The road led eventually south, bypassing our home turf and moving down into Devon where we came to stay with old friends Adam and Jess living in their beautiful yurt outside Totnes.
We went off to the beach to enjoy the early spring sun and Grace had a lovely sand sandwich and danced and ran and squealed at the waters edge.
Following a lovely meal and an evening relaxing we headed off to the Dartington estate to meet up with Martin Crawford who runs the Agroforestry Research Trust
Martin is a renowned expert on forest garden systems and has written perhaps the most accessible and practical and comprehensive guide to establishing forest gardens in cool temperate climates. At this time of year the garden looks sparse, but having seen the garden a couple of summers ago it was interesting to be able to “see through” the space and get a different sense of the layout. In a couple of months it will be a veritable jungle of productive and varied species. Martin is growing some 500 species, and over the last 20 years this space has been transformed from a grass field over stood on three corners by conifers to become a highly designed and carefully established demonstration of Martins work.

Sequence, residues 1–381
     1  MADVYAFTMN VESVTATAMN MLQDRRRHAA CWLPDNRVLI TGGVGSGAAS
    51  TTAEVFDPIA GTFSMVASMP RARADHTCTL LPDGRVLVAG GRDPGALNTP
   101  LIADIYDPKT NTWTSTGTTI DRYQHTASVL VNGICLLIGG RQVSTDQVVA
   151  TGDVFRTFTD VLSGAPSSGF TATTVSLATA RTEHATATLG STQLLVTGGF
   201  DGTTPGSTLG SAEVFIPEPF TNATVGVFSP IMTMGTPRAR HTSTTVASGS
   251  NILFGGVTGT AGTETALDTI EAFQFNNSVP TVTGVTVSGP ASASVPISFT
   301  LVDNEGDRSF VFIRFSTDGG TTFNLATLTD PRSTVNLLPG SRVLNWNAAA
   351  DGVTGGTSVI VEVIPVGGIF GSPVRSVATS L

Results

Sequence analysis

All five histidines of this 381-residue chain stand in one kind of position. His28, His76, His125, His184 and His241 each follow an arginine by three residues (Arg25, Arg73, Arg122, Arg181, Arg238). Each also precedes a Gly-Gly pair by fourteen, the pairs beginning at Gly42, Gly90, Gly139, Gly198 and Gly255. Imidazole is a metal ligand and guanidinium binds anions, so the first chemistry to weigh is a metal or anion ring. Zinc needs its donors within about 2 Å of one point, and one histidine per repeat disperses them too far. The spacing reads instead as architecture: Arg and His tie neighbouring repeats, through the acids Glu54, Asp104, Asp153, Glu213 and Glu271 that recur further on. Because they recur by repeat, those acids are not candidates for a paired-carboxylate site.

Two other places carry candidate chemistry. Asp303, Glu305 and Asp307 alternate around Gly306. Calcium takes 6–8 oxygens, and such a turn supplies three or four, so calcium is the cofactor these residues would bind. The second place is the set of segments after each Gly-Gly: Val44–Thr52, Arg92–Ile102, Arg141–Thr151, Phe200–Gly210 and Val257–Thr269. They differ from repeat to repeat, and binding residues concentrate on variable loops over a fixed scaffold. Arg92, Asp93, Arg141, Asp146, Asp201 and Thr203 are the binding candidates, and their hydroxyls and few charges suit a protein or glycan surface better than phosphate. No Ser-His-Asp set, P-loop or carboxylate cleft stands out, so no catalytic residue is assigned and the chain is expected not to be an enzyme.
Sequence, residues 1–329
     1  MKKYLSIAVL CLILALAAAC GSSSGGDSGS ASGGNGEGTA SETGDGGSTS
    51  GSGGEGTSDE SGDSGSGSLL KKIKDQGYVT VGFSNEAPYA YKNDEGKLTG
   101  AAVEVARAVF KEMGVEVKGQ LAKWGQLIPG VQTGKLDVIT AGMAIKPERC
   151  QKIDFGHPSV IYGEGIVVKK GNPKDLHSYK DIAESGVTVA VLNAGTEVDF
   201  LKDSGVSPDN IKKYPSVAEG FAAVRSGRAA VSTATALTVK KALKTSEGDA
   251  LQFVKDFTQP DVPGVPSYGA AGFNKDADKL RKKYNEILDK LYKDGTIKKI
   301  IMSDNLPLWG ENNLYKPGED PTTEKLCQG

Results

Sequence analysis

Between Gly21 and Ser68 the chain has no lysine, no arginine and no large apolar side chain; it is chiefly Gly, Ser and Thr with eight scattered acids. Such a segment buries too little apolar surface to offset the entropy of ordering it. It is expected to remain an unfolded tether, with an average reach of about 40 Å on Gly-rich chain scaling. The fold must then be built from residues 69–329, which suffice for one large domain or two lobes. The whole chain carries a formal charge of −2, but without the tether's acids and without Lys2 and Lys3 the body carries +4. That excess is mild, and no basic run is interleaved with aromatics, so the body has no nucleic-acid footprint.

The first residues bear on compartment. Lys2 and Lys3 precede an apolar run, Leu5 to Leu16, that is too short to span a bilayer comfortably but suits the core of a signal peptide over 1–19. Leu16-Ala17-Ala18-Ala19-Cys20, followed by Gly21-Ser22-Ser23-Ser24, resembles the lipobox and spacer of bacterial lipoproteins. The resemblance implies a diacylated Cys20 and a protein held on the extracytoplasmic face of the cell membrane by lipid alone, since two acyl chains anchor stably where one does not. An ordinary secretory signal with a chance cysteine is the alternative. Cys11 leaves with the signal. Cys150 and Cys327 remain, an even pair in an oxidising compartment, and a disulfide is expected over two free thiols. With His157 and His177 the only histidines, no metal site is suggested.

“Forest garden” is perhaps a more appropriate description than “food forest” as forest gardens include the harvest of lumber, fibers, medicines and the array of other yields this agriculture offers. A forest in mid succession, ie, still developing and showing all the layers in the schematic below as opposed to the eventual mature predominantly dense canopy structure where low light levels reach the forest floor, yields crops on many distinct layers, maximizing the use of 3D space in a way monocultures simply cannot compete with.
I like to explain the illusion of productivity of monocultures to students by explaining that biologically speaking, productivity implies biomass in a system factored against diversity. The result is that the ultimate expressions of regeneration, the true rainforests of this planet, tally up very differently to swathes of single crop annuals who may have apparently high biomass but singular diversity. It is this illusion that leads people to rest assured that conventional Ag is somewhat stable and consistent, which is quite desperately far from the truth.